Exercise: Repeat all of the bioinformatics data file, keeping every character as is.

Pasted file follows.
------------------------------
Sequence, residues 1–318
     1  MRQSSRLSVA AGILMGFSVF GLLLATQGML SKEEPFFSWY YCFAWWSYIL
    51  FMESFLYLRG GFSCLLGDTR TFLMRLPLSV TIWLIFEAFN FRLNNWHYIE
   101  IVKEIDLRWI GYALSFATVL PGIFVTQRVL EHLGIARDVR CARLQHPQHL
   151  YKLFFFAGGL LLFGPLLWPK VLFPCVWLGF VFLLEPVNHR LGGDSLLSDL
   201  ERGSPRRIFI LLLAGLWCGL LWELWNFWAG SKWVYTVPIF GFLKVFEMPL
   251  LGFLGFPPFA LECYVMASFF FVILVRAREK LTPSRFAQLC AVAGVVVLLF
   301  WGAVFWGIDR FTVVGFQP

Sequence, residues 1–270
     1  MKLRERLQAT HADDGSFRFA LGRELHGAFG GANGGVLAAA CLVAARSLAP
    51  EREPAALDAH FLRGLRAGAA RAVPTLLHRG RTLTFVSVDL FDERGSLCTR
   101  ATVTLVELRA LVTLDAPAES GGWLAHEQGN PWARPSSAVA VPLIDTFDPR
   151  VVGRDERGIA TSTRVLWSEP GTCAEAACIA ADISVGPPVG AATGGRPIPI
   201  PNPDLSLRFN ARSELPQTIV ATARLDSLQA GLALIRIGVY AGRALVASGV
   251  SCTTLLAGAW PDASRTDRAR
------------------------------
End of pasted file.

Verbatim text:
Sequence, residues 1–318
     1  MRQSSRLSVA AGILMGFSVF GLLLATQGML SKEEPFFSWY YCFAWWSYIL
    51  FMESFLYLRG GFSCLLGDTR TFLMRLPLSV TIWLIFEAFN FRLNNWHYIE
   101  IVKEIDLRWI GYALSFATVL PGIFVTQRVL EHLGIARDVR CARLQHPQHL
   151  YKLFFFAGGL LLFGPLLWPK VLFPCVWLGF VFLLEPVNHR LGGDSLLSDL
   201  ERGSPRRIFI LLLAGLWCGL LWELWNFWAG SKWVYTVPIF GFLKVFEMPL
   251  LGFLGFPPFA LECYVMASFF FVILVRAREK LTPSRFAQLC AVAGVVVLLF
   301  WGAVFWGIDR FTVVGFQP

Sequence, residues 1–270
     1  MKLRERLQAT HADDGSFRFA LGRELHGAFG GANGGVLAAA CLVAARSLAP
    51  EREPAALDAH FLRGLRAGAA RAVPTLLHRG RTLTFVSVDL FDERGSLCTR
   101  ATVTLVELRA LVTLDAPAES GGWLAHEQGN PWARPSSAVA VPLIDTFDPR
   151  VVGRDERGIA TSTRVLWSEP GTCAEAACIA ADISVGPPVG AATGGRPIPI
   201  PNPDLSLRFN ARSELPQTIV ATARLDSLQA GLALIRIGVY AGRALVASGV
   251  SCTTLLAGAW PDASRTDRAR